Diana Stradling, curator. “‘Fancy Rockingham’ Pottery: The Modeller and Ceramics in Nineteenth-Century America.” Lora Robins Gallery of Design from Nature, University of Richmond Museums, Richmond, Virginia. September 9, 2004–June 26, 2005.
Robert Hunter, Kurt C. Russ, and Marshall Goodman, curators. “Stoneware Pottery of Eastern Virginia, 1720–1865.” Virginia Historical Society, Richmond, Virginia. September 11, 2004–February 1, 2005.
These two exhibits, which opened in Richmond, Virginia, in September 2004, dealt with American-made, predominantly nineteenth-century utilitarian ceramics. The visual impact of the exhibitions and the approaches taken by their respective curators, however, were as different as the press-molded fancy Rockingham and wheel-thrown salt-glazed stoneware pitchers and jugs on display.
A show of approximately seventy pieces of pottery from private New York–area collections, “‘Fancy Rockingham’ Pottery: The Modeller and Ceramics in Nineteenth-Century America,” curated by independent scholar and dealer Diana Stradling, was set in the Lora Robins Gallery of Design from Nature at the University of Richmond. This space has permanent collections of shells, fossils, minerals, and gemstones. The juxtaposition of the Rockingham wares against these collections was intriguing, reminiscent of the tension between industrialization and naturalism that was such an integral part of nineteenth-century history.
Given the unusual setting of the exhibition, it is likely that many who saw the show were not necessarily ceramics enthusiasts. A good exhibition will draw the nonspecialist as well as offer something extra for the well-schooled scholar. Finding that balance is difficult, but this show was successful in its approach. Stradling’s show was predominantly an exhibit of beautiful objects organized in a traditional manner and geared toward a general audience. The overall organizational structure of the exhibition was fairly straightforward, centering on such general categories as discovering the maker, naturalism, utilitarian wares, and English sources. The label text dealt with overarching themes rather than details of attribution and manufacture.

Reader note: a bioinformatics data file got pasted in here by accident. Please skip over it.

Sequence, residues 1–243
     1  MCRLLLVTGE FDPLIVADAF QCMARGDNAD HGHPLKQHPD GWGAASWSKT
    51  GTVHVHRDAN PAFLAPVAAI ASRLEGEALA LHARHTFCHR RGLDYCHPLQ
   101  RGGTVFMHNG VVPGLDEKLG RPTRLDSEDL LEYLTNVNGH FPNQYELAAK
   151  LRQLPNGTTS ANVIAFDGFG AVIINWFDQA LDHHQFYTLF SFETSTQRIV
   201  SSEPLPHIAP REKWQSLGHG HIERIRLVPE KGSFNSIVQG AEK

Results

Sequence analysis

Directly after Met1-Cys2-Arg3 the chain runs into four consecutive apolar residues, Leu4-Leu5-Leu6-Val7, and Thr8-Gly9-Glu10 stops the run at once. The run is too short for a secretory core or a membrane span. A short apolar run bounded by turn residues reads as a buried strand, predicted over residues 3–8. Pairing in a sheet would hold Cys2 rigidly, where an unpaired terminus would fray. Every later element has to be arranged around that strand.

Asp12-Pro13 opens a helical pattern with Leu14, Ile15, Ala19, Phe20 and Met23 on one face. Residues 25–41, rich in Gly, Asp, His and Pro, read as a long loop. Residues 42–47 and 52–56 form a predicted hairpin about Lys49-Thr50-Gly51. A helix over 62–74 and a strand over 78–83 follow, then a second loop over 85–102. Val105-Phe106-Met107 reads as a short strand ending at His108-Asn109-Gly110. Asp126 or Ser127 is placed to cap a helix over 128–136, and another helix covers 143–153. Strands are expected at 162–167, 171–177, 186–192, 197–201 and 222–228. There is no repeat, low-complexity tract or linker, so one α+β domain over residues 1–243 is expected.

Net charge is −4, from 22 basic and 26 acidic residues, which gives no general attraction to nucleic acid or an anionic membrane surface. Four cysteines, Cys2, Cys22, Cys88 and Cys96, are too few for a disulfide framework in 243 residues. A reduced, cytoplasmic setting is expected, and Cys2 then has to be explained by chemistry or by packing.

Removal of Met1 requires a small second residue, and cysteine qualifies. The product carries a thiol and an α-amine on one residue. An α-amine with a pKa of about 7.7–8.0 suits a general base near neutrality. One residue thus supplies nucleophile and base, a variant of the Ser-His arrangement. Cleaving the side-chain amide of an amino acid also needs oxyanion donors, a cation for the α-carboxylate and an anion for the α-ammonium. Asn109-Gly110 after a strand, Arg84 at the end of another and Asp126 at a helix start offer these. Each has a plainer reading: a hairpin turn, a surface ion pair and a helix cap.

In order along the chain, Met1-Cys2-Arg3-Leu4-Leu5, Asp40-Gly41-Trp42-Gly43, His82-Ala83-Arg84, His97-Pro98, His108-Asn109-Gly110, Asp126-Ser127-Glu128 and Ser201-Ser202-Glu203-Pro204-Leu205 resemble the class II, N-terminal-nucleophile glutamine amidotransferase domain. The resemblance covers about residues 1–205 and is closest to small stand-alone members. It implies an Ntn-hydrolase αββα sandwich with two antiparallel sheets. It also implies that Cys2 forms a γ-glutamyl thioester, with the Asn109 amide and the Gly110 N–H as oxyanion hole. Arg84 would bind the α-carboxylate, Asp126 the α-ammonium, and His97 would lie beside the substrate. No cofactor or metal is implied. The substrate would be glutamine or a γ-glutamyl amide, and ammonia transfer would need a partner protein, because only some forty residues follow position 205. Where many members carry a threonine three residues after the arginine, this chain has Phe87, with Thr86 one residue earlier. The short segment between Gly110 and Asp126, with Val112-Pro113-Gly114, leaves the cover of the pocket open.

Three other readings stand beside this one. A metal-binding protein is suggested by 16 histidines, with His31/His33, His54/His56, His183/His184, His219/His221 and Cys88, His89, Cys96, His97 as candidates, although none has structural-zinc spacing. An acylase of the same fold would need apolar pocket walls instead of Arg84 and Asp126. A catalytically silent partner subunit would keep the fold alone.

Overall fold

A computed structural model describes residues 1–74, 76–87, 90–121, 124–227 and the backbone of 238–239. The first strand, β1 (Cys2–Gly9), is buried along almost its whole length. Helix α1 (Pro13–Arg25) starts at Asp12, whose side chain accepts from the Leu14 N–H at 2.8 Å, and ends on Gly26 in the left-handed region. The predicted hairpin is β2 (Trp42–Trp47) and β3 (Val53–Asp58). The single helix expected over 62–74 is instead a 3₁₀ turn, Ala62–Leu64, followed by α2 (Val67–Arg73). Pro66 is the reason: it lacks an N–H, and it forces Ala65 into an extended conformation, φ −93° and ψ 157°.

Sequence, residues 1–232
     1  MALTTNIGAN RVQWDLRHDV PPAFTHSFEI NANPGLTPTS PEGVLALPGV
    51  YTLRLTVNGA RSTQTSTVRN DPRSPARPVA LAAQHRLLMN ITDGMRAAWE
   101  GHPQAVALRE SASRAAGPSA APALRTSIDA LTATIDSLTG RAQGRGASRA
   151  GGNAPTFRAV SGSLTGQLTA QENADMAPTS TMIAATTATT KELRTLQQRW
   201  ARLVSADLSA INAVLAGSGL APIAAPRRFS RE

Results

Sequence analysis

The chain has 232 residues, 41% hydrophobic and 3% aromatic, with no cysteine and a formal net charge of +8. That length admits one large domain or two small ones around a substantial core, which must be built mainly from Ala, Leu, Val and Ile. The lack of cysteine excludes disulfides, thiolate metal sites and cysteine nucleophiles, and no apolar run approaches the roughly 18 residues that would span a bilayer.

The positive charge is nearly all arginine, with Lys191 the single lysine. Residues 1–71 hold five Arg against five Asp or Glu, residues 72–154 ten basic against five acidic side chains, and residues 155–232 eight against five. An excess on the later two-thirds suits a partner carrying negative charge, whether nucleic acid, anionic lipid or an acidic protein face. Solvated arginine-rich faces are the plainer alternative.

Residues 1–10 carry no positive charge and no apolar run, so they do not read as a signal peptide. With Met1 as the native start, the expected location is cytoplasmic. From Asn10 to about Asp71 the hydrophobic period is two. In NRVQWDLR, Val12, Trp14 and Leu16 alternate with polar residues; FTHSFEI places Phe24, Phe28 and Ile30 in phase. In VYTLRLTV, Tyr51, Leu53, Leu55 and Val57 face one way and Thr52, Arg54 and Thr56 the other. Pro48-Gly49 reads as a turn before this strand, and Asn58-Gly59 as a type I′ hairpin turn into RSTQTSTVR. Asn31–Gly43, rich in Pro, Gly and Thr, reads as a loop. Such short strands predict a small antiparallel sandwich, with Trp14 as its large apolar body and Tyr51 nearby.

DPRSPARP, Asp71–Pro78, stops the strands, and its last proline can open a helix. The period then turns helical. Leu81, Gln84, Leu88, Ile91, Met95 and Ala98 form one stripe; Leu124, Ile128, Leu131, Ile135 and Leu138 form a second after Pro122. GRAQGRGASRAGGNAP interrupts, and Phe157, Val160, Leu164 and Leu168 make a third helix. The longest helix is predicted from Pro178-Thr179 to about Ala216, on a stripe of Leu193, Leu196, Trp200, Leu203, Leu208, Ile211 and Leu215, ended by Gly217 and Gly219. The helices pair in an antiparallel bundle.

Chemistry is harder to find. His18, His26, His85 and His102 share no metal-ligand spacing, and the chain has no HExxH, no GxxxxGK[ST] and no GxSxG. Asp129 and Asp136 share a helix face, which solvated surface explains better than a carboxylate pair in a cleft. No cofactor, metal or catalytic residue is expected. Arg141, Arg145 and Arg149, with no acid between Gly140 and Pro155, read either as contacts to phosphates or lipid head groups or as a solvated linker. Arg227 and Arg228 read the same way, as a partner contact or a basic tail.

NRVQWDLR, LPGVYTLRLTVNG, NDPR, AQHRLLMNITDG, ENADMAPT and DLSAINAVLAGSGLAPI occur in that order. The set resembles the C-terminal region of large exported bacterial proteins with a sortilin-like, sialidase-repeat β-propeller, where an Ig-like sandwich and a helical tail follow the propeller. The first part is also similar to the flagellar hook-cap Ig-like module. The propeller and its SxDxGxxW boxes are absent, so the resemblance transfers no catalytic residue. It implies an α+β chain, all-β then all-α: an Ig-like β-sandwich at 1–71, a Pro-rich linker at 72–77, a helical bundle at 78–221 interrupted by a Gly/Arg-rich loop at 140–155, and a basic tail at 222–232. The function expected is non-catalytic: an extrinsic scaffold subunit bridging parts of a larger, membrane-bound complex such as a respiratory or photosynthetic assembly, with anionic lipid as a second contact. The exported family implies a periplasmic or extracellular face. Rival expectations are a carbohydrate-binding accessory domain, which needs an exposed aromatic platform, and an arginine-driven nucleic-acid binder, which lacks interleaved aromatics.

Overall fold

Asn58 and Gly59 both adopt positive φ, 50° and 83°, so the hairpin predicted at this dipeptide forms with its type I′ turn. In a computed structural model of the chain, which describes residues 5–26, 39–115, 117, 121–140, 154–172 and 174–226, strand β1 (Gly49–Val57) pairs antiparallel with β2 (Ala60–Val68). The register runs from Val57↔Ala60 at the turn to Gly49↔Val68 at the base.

The “something extra” for ceramics scholars consisted of an attempt to redefine the term Rockingham, which can be confusing to the uninitiated. The Rockingham pottery, situated in Yorkshire, England, and named for the marquis of Rockingham, was active from the mid-1700s through the 1830s. When applied to American-made pieces, Rockingham generally refers to “inexpensive, mass-produced, brown-glazed, often pictorially embossed earthenware of the mid-nineteenth to early twentieth centuries.” For scholars of ceramics in America, Rockingham usually refers to the mottled brown glaze on nineteenth-century wares—earthenware, stoneware, or, in rare cases, porcelain. Stradling abandoned these traditional definitions, instead using Rockingham “as a metaphor for the whole range of American ware which, when relief-molded with decorative or ornamental or narrative patterns, was called ‘fancy goods’ in its day, whatever the color.” Even though many of these objects bear the same molded designs, whether covered with brown, yellow, white, or even blue glazes, most scholars would not classify all of them as Rockingham. Yet redefining Rockingham gave the curator freedom to include a broader range of interesting and beautiful objects not usually considered Rockingham ware.
Perhaps it is time that the narrow characterization of Rockingham as only brown-glazed pieces be expanded to include other types of molded wares, but it is odd that Stradling did so with only one sentence devoted to the subject. Presumably the forthcoming catalog will more substantially address her views on why “fancy Rockingham” should be used as a metaphor for such relief-molded wares, no matter what the color of the glaze.